Here and there some boutique renovations of Bawa/Barefoot charm. At the other extreme dilapidated overgrown lots. Elsewhere stained walls of natives living unselfconsciously in ancient houses. Life as usual in the third world. All this framed by potholed narrow roads that thankfully tame speed demons.
The war is far away. There are no checkpoints. A few chaste couples on the ramparts as we stroll towards the lighthouse bastion. We are the only couple that dares to hold paws. To our left a wall of old houses stained by the rub of tropics on unprotected plaster. The only interruption in this row is a renovated house, now the obligatory antique shop with regulation Thirikalle.
The gleaming white mosque punctuates the row by the light house. It is hot due to the lethargic breeze. Take a few pictures and amble back. Pausing the photograph an invader.
The excellent lime juice at the Pedlar’s Inn cafe gets to the table at an unhurried pace. They seemed shocked that I didn’t want sugar in it (I have to confirm it several times). Then quick browse at Barefoot before meandering back to the chariot down yet another narrow street. Across from a museum that claims to be OPEN in big letters and “closed for prayers” in tiny ones, is the clack clack of typewriters from a law office in a un-renovated building. Technology moving at a Sri Lankan pace. At least its not the screech of a dial up modem which would be less romantic.
The museum which we visited after parking the chariot is small and still. Has that late 20th century non digital government look similar to the Natural history museum. There are two types of entry fees. The local rates have the amounts written out in Sinhala letters (not numbers) to avoid pissing off the tourists who would have to pay more than a few rupees. Don’t think hard currency types should be pissed. It would amount to maybe 3 US$ at the most.
High ceilings keep the place cool.The English on the exhibit labels are a bit quint. The number of the artefacts are small. However they do convey a vibe about the life in the colonial days. The small tattered jacket of a colonial era village official (has to be British from the period photograph) seems to be straining to tell its stories. I have to wonder though if people at the time were so small made. Perhaps its due to shrinkage. The choice of some of the exhibits are a bit odd. What do reproductions of Polonaruwa frescos or fragments of paintings from Amara (from the same period) have to do with the Dutch period Galle fort?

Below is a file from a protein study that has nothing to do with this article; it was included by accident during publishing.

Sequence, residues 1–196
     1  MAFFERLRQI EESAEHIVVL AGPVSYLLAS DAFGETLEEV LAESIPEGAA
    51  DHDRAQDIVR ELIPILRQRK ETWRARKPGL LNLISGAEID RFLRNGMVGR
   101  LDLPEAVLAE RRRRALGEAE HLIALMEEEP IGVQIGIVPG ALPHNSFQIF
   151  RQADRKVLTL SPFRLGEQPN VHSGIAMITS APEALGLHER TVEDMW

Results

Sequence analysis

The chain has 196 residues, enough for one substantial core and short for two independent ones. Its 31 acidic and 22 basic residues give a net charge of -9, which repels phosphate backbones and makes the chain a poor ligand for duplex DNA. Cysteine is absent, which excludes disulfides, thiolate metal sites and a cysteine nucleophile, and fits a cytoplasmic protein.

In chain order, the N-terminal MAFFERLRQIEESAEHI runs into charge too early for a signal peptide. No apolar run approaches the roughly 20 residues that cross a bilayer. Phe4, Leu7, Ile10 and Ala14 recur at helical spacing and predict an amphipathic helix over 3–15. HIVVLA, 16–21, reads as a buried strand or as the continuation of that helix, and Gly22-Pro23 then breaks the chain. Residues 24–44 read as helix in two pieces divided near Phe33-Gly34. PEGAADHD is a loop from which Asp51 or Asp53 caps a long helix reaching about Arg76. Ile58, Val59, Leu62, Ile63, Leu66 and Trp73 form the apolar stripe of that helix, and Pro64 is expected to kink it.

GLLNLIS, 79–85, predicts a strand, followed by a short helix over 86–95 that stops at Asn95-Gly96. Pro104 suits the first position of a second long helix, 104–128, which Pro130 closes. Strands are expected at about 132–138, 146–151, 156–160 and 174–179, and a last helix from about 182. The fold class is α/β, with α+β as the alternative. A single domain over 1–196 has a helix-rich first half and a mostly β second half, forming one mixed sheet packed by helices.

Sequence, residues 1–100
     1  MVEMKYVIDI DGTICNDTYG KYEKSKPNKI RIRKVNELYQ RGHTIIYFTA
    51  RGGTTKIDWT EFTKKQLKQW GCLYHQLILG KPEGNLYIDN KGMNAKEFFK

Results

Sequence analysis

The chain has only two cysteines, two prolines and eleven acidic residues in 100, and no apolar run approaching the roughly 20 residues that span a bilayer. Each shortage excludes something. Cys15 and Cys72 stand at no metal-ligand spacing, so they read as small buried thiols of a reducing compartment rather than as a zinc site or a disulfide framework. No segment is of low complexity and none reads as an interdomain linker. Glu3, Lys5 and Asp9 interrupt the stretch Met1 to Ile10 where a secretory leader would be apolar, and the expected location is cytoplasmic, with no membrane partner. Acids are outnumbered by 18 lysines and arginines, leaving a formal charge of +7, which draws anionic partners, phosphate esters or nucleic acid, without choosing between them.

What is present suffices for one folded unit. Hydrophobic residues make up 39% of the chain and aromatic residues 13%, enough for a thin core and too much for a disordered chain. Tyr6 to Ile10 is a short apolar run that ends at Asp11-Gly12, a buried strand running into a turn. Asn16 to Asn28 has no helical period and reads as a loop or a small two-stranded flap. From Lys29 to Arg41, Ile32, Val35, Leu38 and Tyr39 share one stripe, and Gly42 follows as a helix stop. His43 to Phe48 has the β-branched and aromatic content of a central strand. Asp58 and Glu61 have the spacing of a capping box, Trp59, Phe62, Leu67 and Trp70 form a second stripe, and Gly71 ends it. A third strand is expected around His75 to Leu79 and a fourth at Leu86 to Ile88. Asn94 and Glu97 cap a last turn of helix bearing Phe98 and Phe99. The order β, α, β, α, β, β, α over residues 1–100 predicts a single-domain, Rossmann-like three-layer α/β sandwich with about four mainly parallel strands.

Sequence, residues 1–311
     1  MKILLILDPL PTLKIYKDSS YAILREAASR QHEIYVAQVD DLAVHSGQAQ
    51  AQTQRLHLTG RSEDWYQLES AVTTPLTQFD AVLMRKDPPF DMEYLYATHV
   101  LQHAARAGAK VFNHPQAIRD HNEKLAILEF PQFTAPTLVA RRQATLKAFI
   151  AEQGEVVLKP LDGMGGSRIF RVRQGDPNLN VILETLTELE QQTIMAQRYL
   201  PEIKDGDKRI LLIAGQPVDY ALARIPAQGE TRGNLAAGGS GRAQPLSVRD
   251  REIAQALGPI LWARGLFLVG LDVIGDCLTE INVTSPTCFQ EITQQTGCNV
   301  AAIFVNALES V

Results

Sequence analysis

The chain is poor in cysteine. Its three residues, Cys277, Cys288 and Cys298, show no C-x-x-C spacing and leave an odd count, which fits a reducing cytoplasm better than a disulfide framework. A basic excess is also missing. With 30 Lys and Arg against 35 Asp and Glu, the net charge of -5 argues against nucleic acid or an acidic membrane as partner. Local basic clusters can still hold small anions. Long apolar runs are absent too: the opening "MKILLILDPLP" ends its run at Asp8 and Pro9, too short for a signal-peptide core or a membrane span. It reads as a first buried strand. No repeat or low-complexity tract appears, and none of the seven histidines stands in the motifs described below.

Later sitting by the orchestra of the waves writing this, I marvel that we take all this for granted. Mainly because most of us didn’t know of life in the grey cold cities of the “first” world. The need to put on clothes and boots and hats and scarves just to go out for a packet of milk. Not being able to open the window and have your morning brew in the sun year around. Having faced all that it is easy not to realise how precious this island is. Even if the politicians raping this don’t really care (surely you don’t expect a rapist to be empathic do you?).
When the typing turns to bitter words its good practice to start a new paragraph and mention something soothing about the sound of waves. If you look in the hefty chest marked “metaphors” (while you are at it could you oil the hinges?) you’ll find plenty of pretty stuff. I’d recommend avoiding the Shakespeare folder – too flowery and olde for the 21 century 3rd world. I’m not very good at word drooling over nature so you’ll have to do it yourself.
Time for another paragraph. Seems I’ve rambled on and am at a loss as to how to neatly tie this all in. Most of the text seems not to be about the Galle fort anymore. What a mess. Well so it life (and the country 😉 The only recourse to this is the old practice of stop typing.